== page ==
Dentofacial trauma in selected contact sports among high school students in Nairobi City County
INTRODUCTION: Physical activities such as sports which are competitive at all levels are increasingly becoming popular worldwide. In light of this, Kenyan youth are participating more in competitive sports. Unfortunately the health benefits of sporting activities can be antagonised by injury risks to the dentofacial region which include injuries to the hard and soft tissues. Clinicians are therefore more likely to encounter sports - related injuries. STUDY OBJECTIVE: To determine the pattern of occurrence of sports-related dentofacial injuries among athletes participating in Rugby and Football in Nairobi City County, Kenya. STUDY AREA: The study was conducted in 17 secondary schools in Nairobi City County. The schools participated in Rugby Prescott and Damu Pevu tournament during the 2015 tournament and the Nairobi Football League 2015 season in Nairobi City County. STUDY DESIGN: This was a descriptive cross-sectional study. MATERIALS AND METHODS: A total of 510 students were sampled through stratified random sampling from 12 Rugby and 17 Football teams. The study population comprised of male high school students between the ages of 14 and 18 years. A semi-structured questionnaire was used to assess the prevalence of dentofacial injuries, the aetiology, severity and the type of injury. The questionnaire also evaluated the awareness, use and type of mouthguard. A clinical examination of the selected students was carried out and data entered into a modified World Health Organization Oral Health Assessment Form for Children (2013) to determine their dental trauma status. DATA ANALYSIS AND PRESENTATION: The data collected was coded, entered, cleaned and analysed using the Statistical Package for Social Sciences (SPSS) version 22. Chi – square (χ2), Fishers exact test, odd’s ratio and Anova (F) were used. The confidence level was set at 95% (p≤0.05). RESULTS: Five hundred and ten students participated in this study. Two hundred and eighty one (55.1%) reported having experienced dentofacial injuries. Participants playing both sports had a statistically significant higher prevalence of dentofacial injuries (66.7%), as compared to Rugby (54.3%) and Football players (54.1%) (χ 2 = 7.40, df = 2, p = 0.02). Clinical examination revealed 39% of the participants had experienced dentofacial injuries. The most prevalent injury reported was soft tissue injury at 68.3%, tooth injuries at 19.5% and combination injury of hard and soft tissue at 8.1%. Bone fractures stood at 3.9% of the total dentofacial injuries. Three hundred and fifty (68.6%) athletes knew what a mouthguard was but a significantly lower number of 105 (20.6%) actually used mouthguards (χ 2 = 36.45 , df = 4, p = 0.00). Of all the respondents, 250 (49%) believed wearing a mouthguard would reduce the prevalence or occurrence of dentofacial injuries during sporting activity. The prevalence of dentofacial trauma was significantly lower in athletes who wore mouthguards. CONCLUSION: More than half of the study participants had experienced dentofacial injuries with soft tissue injuries being the most commonly reported. Although, the majority of the athletes knew what a mouthguard was, less than a fifth actually used them. Over half of the athletes were not sure that mouthguards could reduce the prevalence and/or severity of dentofacial injuries. Participants who used mouthguar demonstrated a significantly lower prevalence of dentofacial injuries in comparison to non-users. RECOMMENDATION: There is need to educate the athletes on the dentofacial injuries that they can sustain while participating in sports and on how to minimise the occurrence of the dentofacial injuries.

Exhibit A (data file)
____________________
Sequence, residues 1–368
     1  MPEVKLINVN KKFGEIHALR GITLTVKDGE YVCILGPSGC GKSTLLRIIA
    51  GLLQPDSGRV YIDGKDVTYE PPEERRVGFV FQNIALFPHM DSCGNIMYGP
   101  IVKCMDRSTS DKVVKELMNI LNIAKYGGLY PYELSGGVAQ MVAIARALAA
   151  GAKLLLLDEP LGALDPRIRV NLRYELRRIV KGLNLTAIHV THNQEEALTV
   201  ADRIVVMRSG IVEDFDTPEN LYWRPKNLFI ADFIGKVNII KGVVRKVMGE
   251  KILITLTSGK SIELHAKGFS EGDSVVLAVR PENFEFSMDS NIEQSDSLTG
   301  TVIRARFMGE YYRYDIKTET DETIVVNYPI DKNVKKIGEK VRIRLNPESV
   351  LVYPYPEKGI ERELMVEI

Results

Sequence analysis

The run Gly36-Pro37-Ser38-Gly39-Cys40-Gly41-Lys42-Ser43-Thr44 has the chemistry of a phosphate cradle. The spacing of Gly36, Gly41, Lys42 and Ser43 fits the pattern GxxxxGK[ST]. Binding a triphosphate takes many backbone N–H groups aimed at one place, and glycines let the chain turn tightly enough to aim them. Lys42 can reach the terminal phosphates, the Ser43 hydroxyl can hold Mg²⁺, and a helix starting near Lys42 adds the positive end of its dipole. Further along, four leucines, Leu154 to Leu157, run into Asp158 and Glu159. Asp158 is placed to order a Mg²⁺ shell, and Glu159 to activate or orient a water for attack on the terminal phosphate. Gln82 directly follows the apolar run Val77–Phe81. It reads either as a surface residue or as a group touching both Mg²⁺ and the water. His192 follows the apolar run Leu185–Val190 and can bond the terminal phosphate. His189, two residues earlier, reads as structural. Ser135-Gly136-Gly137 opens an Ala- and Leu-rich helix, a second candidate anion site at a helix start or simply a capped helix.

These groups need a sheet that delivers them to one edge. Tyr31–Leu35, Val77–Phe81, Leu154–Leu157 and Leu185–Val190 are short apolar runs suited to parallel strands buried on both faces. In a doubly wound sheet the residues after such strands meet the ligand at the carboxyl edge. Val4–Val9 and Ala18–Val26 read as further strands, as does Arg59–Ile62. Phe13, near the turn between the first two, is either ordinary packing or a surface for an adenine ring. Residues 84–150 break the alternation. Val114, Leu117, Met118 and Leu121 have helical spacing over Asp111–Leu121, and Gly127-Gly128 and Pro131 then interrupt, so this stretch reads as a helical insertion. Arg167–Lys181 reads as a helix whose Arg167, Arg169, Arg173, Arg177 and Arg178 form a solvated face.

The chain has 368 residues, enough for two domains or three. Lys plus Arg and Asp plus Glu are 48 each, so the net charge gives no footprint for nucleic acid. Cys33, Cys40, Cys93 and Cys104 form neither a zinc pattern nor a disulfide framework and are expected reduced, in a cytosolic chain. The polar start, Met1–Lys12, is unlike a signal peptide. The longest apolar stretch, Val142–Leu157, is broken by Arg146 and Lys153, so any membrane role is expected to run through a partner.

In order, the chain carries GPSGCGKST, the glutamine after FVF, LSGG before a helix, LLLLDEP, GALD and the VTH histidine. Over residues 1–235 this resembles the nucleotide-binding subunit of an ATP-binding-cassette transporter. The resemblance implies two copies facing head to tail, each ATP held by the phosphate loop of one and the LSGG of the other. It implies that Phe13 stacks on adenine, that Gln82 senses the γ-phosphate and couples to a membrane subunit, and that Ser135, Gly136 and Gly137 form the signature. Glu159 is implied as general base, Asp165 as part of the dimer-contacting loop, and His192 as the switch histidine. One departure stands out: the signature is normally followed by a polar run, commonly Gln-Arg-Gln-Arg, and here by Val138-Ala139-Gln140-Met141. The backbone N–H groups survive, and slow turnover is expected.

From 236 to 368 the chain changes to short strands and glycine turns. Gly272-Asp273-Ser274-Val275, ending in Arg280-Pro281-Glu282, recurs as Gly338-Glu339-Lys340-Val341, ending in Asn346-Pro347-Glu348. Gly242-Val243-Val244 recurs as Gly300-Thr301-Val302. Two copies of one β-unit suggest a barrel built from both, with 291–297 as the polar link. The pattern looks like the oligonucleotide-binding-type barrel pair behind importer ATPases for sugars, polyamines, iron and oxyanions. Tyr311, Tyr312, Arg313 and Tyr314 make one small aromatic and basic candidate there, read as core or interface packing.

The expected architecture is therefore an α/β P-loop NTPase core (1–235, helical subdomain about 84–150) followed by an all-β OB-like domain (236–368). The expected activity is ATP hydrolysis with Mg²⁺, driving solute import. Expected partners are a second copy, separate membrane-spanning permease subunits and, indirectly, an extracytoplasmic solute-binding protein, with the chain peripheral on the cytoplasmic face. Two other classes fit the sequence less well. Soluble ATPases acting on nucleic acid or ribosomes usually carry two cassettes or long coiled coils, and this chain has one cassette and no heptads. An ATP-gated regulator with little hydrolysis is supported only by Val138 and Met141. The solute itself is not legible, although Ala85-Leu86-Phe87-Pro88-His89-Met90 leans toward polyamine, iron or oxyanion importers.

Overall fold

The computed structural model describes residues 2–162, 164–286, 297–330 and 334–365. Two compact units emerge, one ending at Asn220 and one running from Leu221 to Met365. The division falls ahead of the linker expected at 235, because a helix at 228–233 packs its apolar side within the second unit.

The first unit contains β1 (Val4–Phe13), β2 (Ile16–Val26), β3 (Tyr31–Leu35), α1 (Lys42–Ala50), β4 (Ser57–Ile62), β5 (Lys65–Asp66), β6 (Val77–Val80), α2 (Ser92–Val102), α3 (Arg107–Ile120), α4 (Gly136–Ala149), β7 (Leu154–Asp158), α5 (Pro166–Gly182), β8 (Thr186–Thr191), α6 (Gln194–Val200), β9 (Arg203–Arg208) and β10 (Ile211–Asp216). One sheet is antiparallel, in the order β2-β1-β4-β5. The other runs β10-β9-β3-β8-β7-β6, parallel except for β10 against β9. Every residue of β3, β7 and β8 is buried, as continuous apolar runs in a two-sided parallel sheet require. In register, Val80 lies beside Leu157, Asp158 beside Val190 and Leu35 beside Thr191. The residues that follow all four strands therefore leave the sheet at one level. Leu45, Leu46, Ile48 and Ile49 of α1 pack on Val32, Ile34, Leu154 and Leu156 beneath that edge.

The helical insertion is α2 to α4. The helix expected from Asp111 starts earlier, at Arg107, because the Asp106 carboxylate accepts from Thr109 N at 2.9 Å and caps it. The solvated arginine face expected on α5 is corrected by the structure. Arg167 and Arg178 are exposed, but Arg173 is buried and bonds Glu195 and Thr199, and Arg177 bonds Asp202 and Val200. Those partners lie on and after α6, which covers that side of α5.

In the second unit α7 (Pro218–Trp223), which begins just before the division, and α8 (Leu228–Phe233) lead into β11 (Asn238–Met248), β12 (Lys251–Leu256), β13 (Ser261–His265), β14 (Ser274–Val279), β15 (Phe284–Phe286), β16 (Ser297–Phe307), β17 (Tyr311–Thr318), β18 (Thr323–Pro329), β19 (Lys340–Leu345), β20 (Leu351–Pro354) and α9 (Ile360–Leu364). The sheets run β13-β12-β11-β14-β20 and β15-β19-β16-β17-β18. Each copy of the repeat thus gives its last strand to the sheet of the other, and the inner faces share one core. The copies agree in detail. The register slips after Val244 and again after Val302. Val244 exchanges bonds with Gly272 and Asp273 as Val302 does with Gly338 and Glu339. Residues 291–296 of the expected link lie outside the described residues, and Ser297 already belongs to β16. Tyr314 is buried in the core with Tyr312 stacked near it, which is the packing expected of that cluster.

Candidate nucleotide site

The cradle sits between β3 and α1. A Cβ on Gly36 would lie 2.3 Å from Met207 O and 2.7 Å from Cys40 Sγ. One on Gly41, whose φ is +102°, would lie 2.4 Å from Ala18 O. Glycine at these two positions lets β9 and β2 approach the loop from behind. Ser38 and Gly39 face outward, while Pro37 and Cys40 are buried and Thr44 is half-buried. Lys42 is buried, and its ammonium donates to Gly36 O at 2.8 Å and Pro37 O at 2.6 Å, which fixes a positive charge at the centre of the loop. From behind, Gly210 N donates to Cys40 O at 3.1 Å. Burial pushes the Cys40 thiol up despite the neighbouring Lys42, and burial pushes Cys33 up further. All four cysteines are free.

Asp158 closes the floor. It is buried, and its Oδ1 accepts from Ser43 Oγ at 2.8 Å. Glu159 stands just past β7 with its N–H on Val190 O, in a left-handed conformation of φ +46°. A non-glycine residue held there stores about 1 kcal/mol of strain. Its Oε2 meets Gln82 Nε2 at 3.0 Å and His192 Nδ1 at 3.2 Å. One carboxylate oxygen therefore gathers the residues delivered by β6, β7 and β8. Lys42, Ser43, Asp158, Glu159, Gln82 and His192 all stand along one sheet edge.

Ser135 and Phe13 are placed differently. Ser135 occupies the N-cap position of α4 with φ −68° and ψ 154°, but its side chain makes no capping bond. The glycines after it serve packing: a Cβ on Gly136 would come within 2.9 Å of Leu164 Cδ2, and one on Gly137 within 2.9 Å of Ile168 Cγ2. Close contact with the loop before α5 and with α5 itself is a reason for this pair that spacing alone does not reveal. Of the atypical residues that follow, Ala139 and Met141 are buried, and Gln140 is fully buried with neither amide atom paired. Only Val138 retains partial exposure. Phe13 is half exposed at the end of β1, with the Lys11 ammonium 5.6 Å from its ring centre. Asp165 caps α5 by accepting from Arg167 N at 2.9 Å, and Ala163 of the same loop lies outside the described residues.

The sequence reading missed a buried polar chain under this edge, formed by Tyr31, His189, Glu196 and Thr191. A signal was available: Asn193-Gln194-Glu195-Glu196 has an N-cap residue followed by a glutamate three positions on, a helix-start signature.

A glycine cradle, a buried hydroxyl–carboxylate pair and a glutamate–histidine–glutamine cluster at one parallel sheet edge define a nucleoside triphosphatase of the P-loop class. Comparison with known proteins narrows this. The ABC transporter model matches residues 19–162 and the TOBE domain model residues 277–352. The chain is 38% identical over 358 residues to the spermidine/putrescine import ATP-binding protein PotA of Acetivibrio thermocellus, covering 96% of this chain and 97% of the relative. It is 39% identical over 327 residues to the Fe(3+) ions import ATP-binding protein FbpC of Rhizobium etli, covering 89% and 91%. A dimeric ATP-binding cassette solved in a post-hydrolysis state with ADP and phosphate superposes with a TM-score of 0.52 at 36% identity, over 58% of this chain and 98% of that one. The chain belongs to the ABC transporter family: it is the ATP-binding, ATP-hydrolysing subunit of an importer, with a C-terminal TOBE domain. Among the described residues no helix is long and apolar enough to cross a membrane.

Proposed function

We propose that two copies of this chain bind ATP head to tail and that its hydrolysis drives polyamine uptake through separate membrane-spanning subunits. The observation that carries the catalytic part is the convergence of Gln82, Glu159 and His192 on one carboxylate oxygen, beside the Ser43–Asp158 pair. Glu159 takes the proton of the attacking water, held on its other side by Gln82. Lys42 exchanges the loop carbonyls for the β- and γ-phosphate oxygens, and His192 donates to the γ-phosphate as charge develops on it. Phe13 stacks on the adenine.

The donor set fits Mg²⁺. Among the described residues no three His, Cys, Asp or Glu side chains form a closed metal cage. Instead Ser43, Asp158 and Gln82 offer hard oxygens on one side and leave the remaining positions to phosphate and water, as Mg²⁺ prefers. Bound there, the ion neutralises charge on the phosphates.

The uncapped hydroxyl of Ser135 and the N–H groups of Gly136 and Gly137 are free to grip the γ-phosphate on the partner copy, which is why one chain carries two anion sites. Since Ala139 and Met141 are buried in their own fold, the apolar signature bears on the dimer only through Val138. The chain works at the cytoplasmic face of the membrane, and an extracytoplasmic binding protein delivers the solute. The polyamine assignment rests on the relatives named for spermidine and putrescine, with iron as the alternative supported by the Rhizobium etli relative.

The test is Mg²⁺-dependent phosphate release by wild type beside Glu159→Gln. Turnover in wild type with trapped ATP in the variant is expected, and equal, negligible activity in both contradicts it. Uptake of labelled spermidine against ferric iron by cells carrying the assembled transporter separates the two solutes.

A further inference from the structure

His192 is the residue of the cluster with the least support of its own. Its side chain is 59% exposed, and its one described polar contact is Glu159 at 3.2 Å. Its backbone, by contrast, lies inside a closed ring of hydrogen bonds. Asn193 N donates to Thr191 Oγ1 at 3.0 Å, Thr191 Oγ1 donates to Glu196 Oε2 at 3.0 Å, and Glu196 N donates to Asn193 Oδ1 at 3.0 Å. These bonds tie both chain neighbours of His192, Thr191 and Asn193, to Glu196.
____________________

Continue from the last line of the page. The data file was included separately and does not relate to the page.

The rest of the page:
The following license files are associated with this item: